Beijing, April 6 (IANS/EFE) Spain's nuclear energy sector has gained a strong foothold in China over the past quarter century, providing components or services to nine of the country's 14 operating nuclear power plants, and now is seeking to further expand its presence in the Asian nation, said authorities.
The current goal is to gain participation in future nuclear power stations, both those already being built and those whose construction is pending approval, the Spanish Nuclear Group for China (SNGC) - an alliance of four Spanish nuclear companies, Equipos Nucleares SA, Tecnatom, ENUSA and Ringo Valvulas - told EFE.
"There are many possibilities for boosting this participation," SNGC director Carmelo Palacios said during this week's Nuclear Industry China exhibition - the world's largest - in Beijing.
"They're companies that aren't coming to China for the first time. They've been working here for some time and believe there are some very significant business prospects in their sector in the coming years," Spain's Ambassador to China, Eugenio Bregolat, said at the event.
He said China is the "place to be" for Spain's nuclear industry and plenty of reasons for such optimism abound, given approval is pending for up to 40 more plants to be built between now and 2020.
If the projections prove accurate, the world's second-largest economy would eventually have a total of 80 nuclear power plants.
"Of the 80 they'll have, let's see if we can be in 40 or 50, involved in bigger or smaller things," Palacios said.
Although prohibited from designing a complete plant, each of the four companies that make up the SNGC is valued in China for the services they provide: steam generators, control rooms, inspection teams and even nuclear fuel.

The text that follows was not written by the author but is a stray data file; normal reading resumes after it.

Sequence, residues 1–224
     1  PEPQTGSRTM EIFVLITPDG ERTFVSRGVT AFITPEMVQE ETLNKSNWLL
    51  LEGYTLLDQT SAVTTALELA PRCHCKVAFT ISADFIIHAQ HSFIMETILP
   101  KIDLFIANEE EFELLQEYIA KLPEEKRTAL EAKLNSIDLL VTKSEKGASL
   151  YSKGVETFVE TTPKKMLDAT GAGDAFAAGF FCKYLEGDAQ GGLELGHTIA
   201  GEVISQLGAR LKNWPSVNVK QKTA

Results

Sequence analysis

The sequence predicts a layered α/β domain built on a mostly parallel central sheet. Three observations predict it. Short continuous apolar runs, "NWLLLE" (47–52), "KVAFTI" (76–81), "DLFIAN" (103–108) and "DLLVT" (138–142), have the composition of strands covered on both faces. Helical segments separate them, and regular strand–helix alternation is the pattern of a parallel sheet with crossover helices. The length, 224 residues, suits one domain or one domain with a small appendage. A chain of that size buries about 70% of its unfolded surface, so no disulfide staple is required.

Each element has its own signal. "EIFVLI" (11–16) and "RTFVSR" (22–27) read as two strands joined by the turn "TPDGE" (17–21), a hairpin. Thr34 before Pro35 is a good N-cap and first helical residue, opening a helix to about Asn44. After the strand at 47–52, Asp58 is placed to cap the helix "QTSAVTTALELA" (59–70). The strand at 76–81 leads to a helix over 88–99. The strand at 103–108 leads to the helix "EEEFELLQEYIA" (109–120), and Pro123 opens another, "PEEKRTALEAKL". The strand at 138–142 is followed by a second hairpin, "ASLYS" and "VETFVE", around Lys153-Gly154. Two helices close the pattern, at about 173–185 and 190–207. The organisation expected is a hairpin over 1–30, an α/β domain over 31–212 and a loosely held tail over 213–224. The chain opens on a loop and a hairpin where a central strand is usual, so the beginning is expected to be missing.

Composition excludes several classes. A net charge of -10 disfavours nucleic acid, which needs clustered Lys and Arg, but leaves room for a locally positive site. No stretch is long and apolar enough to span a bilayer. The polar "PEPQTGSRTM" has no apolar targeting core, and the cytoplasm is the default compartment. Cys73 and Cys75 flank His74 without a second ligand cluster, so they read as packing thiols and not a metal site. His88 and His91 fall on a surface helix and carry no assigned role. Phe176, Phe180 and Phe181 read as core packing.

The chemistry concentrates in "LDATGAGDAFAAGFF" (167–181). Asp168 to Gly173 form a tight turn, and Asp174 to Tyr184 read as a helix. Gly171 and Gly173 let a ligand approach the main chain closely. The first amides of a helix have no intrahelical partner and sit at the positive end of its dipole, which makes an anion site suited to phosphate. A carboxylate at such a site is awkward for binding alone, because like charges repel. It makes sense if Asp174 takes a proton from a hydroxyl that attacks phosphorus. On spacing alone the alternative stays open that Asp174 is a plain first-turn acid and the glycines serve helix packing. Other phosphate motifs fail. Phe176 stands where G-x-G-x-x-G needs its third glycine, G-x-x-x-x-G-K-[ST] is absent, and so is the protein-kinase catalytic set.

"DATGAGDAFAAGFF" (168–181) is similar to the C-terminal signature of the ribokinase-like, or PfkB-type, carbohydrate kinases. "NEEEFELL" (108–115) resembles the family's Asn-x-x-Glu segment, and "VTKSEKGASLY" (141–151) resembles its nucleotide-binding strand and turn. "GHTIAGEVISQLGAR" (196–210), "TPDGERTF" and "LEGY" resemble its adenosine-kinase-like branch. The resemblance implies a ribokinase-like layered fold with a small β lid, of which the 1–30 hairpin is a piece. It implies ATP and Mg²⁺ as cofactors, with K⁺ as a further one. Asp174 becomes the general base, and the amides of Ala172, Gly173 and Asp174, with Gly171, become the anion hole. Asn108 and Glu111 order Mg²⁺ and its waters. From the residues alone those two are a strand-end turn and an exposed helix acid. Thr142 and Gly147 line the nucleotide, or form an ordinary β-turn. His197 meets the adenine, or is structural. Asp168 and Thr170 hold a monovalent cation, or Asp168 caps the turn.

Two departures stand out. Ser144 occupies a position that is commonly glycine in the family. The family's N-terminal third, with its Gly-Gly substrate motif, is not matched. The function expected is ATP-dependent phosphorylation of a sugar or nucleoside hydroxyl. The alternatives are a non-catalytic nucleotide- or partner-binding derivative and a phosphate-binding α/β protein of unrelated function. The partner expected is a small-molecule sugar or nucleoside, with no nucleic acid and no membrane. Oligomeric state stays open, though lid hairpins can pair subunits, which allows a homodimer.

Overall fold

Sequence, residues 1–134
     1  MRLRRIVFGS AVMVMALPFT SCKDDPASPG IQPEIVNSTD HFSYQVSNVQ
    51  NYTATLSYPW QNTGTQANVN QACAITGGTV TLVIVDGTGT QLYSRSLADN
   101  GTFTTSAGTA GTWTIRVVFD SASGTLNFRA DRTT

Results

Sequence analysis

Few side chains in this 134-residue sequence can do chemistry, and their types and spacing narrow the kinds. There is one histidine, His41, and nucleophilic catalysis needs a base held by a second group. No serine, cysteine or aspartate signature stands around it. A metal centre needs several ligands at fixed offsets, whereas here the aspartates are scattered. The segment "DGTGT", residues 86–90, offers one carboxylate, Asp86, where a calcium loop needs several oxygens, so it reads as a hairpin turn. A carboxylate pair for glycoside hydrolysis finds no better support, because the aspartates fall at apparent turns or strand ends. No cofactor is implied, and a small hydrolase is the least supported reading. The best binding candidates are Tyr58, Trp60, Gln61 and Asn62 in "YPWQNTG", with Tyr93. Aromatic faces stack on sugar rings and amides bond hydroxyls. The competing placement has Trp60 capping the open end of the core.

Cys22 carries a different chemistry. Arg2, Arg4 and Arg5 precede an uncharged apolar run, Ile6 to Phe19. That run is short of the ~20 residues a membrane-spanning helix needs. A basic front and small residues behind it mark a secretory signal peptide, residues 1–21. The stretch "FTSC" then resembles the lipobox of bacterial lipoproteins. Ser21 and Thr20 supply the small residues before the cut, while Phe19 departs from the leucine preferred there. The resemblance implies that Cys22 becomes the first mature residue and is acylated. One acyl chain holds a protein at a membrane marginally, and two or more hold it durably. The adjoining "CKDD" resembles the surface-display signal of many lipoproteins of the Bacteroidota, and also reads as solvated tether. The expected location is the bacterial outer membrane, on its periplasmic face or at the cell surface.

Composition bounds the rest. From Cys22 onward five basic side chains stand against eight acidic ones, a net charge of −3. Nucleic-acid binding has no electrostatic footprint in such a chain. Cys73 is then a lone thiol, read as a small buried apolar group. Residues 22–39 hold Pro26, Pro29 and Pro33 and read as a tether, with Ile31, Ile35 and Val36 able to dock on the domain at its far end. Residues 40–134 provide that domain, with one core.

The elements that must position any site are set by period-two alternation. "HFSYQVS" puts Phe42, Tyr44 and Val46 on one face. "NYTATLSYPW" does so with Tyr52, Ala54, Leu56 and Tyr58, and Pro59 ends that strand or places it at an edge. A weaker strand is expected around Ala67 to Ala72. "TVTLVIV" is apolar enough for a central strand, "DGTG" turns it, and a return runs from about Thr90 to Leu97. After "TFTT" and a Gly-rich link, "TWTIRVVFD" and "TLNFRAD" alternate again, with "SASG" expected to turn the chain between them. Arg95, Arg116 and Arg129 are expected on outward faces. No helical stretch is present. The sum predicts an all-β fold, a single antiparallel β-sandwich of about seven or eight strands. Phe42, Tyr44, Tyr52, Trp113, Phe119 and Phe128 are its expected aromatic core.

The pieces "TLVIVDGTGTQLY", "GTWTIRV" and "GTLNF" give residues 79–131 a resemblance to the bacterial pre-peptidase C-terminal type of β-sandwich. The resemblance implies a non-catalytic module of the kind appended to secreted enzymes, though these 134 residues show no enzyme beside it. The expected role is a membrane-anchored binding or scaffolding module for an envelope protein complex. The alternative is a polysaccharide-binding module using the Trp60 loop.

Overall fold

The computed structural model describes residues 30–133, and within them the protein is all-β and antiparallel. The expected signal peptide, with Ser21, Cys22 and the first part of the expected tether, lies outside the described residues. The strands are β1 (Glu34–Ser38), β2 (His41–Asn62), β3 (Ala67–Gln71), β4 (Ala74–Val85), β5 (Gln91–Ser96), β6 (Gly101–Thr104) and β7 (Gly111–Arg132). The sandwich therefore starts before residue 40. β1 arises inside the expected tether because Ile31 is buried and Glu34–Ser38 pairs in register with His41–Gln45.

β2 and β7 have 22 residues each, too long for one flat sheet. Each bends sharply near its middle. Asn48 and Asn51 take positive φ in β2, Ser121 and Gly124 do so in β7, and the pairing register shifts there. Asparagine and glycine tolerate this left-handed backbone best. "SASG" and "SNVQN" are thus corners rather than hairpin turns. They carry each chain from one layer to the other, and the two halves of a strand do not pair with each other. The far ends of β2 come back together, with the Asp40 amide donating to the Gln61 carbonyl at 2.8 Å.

"We're well situated and quite well connected. We've received a lot of Chinese delegations in Spain," Palacios said.
Tecnatom, among a handful of companies worldwide that specialize in inspection technologies for nuclear power plants, exemplifies the success the four companies have had in the Asian nation.
"Half of the Chinese plants are being inspected with our technology and our equipment. It's an example of what we're capable of doing," Tecnatom General Manager Javier Guerra said.
Competition in China - which accounts for 40 percent of Tecnatom's exports - is "fierce", said Guerra, who added that his company has succeeded despite the presence of powerful rivals such as US-based Westinghouse Electric Company and France's Areva.
Proof of that success is an agreement reached during the Beijing fair with two Chinese companies for joint work in the Asian country and abroad.
Despite doubts about the industry's future after Japan's Fukushima nuclear disaster in March 2011, China's nuclear programme continues unabated and is considered the fastest-growing worldwide.
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